Every now and then, an author’s words hit you with the force of nature – no matter how quiet and reasonable they seem. The opening pages of Milosz’s Selected essays – To Begin Where I Am - about exile and his return as an 80 year-old to the landscape of his childhood Lithuania have had this effect on me. I don’t really know Milosz and bought the book simply because a blurb told me they represented a very powerful example of the essay form – which is one I love.
Some reminiscences I found on the internet suggest that he is an “unfashionable poet”. To go by the Amazon lists, he is certainly a neglected writer – with only the one set of essays (Proud to be a Mammal issued recently by Penguin Central European Classics is apparently the same book as To Begin where I am!), his poetry and The Captive Mind in print. That needs to be changed – since the man has more than 20 books to his credit – let alone his poetry. The reviewer in the Dublin Review of Books tells it well -
Czesław Miłosz, the centenary of whose birth was in 2011, had a long and productive life. After his spell in Paris, he emigrated to the United States, where he taught at the University of Berkeley in California. While he appreciated the opportunities the United States gave him (and loved its great outdoors), he remained, over the decades he spent there, rather hostile to its commercial culture and continued to note how savagely American capitalism treated those at the bottom of the heap. In his final decade, following the collapse of communism, he returned to live part of each year in Poland.A couple of nice tributes are here and here.
In his early adulthood Miłosz saw the world plunge into evil, but unlike many of his friends and contemporaries he survived that evil and even outlived the repressive political system he had once believed to be an inescapable destiny for his nation.
Miłosz’s fullest treatment of the part of his childhood he spent with his grandparents in the depths of the Polish (now Lithuanian) countryside (three full years, from age seven to ten) is in the autobiographical novel The Issa Valley, but there is also this lyrical passage in the sparkling miscellany Miłosz’s ABC under the heading “Szetejnie, Gineity, and Peiksva” (three hamlets close to his grandparents’ farm): The Niewiaża Valley is like a crevice cut into the plateau, from which neither the parks nor the remains of manor houses can be seen. A traveler journeying across that plateau today will not be able to intuit what was once on it. Smoke from the hamlets has vanished, along with the creak of the well pumps, the crowing of roosters, barking of dogs, people’s voices. There is no longer the green of orchards embracing the roofs of the cottages – apple trees, pear trees, plum trees in every farmyard, between house, barn, and granary, so that the village streets were framed in trees.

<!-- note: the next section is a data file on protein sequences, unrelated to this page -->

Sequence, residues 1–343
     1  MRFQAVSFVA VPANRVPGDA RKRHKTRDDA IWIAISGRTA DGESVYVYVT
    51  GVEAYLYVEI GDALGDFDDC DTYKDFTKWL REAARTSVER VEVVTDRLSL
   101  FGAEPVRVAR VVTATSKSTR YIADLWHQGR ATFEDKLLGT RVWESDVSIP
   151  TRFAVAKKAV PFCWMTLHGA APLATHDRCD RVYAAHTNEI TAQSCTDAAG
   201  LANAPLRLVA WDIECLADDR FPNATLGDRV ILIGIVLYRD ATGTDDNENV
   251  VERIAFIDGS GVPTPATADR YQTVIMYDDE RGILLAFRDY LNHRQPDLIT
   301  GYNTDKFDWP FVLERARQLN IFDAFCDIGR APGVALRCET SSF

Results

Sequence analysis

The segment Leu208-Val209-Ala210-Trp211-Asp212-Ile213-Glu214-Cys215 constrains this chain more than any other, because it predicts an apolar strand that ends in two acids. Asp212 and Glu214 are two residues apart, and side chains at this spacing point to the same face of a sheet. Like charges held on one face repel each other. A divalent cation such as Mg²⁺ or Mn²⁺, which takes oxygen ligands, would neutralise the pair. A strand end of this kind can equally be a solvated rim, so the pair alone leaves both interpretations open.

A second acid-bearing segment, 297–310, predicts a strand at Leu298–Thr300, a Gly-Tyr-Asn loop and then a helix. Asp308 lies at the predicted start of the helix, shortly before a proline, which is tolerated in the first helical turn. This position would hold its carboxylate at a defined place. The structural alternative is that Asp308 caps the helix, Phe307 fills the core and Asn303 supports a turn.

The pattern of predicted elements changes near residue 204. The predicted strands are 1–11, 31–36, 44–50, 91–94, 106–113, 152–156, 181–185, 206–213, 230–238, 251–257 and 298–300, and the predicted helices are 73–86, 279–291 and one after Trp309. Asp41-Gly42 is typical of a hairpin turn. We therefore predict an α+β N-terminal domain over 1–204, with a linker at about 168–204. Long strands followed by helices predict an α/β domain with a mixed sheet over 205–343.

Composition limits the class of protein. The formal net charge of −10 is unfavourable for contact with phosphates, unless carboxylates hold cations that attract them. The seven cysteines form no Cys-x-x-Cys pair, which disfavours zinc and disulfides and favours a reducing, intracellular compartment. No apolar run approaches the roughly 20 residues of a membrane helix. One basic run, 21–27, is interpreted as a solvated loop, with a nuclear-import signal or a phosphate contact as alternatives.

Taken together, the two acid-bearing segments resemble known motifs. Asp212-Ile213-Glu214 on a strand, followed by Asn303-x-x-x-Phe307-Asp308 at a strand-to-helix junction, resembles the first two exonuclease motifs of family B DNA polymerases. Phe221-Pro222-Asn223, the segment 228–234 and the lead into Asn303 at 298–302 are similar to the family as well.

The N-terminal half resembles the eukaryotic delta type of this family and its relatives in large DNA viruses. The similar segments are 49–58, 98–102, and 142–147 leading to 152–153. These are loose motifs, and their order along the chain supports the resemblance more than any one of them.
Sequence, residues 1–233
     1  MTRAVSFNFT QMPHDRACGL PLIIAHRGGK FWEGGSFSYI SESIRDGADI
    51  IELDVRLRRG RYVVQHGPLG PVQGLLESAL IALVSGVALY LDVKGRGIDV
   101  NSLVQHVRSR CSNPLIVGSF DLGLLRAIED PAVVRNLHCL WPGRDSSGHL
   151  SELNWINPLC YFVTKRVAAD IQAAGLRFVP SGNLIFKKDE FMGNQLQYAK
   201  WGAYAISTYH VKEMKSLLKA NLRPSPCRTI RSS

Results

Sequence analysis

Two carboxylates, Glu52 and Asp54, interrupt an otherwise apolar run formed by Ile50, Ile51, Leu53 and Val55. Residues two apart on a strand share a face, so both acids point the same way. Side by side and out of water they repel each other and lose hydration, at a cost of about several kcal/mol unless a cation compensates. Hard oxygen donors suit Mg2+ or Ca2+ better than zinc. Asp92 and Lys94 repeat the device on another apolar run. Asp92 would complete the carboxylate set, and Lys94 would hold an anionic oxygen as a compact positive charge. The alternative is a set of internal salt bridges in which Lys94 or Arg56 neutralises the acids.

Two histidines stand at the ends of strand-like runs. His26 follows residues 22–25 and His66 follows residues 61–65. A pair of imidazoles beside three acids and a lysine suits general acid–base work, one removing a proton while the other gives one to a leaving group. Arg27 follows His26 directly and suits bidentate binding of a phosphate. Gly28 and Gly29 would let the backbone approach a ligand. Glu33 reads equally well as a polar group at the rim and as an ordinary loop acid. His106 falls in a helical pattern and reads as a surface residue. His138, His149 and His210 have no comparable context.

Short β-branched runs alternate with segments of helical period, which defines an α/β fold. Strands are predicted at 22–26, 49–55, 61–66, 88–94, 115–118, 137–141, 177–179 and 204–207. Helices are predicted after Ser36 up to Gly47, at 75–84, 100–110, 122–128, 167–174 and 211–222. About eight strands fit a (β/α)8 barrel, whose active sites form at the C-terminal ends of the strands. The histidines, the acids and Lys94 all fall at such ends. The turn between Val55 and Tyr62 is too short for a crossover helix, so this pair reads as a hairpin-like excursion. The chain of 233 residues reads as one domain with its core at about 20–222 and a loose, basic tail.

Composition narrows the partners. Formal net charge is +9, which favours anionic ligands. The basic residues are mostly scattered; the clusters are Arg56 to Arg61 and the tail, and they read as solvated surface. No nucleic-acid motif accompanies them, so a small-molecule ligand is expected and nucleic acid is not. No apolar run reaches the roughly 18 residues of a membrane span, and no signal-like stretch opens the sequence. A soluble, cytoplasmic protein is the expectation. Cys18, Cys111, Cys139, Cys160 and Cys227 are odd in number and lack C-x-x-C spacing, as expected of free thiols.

As a child, Miłosz writes, “I was primarily a discoverer of the world, not as suffering but as beauty ... Happiness experienced in childhood does not pass without a trace: the memory of ecstasy dwells in our body and possesses a strong curative power.” Returning to visit this landscape at the age of eighty, Miłosz feels no particular regret, or anger, or even sadness. The orchards are gone of course, but so too is the communism which could find no place for them, vanished after less than fifty years: “Among the many definitions of Communism,” he writes, “perhaps one would be the most apt: enemy of orchards.” Now, in spite of the changes in the landscape, he can see that in all his wanderings and exile he had searched in vain for such a combination of leaves and flowers as was here. “Or, to be precise, I understood this after a huge wave of emotion had overwhelmed me, and the only name I can give it now would be – bliss.”………
Perhaps the central point of Miłosz’s philosophy, certainly the key problematic to which he returns again and again, is man’s war with nature. Nature here is not to be understood as the beauty of trees, woods, rivers and flowers but as necessity, “the way things are”, “the kingdom of inertia, senseless birth, and senseless death”. Refusing to bow down before this necessity, we assert our “anti-natural freedom”, through our creation of religion and culture, politics and ideology:
We are unable to live nakedly. We must constantly wrap ourselves in a cocoon of mental constructs, our changing styles of philosophy, poetry, art. We must invest meaning in that which is opposed to meaning; that ceaseless labour, that spinning is the most purely human of our activities. For the threads spun by our ancestors do not perish, they are preserved; we alone among living creatures have a history, we move in a gigantic labyrinth where the present and the past are interwoven. That labyrinth protects and consoles us ... Death is a humiliation, because it tears us away from words, the sounds of music, configurations of line and colour ...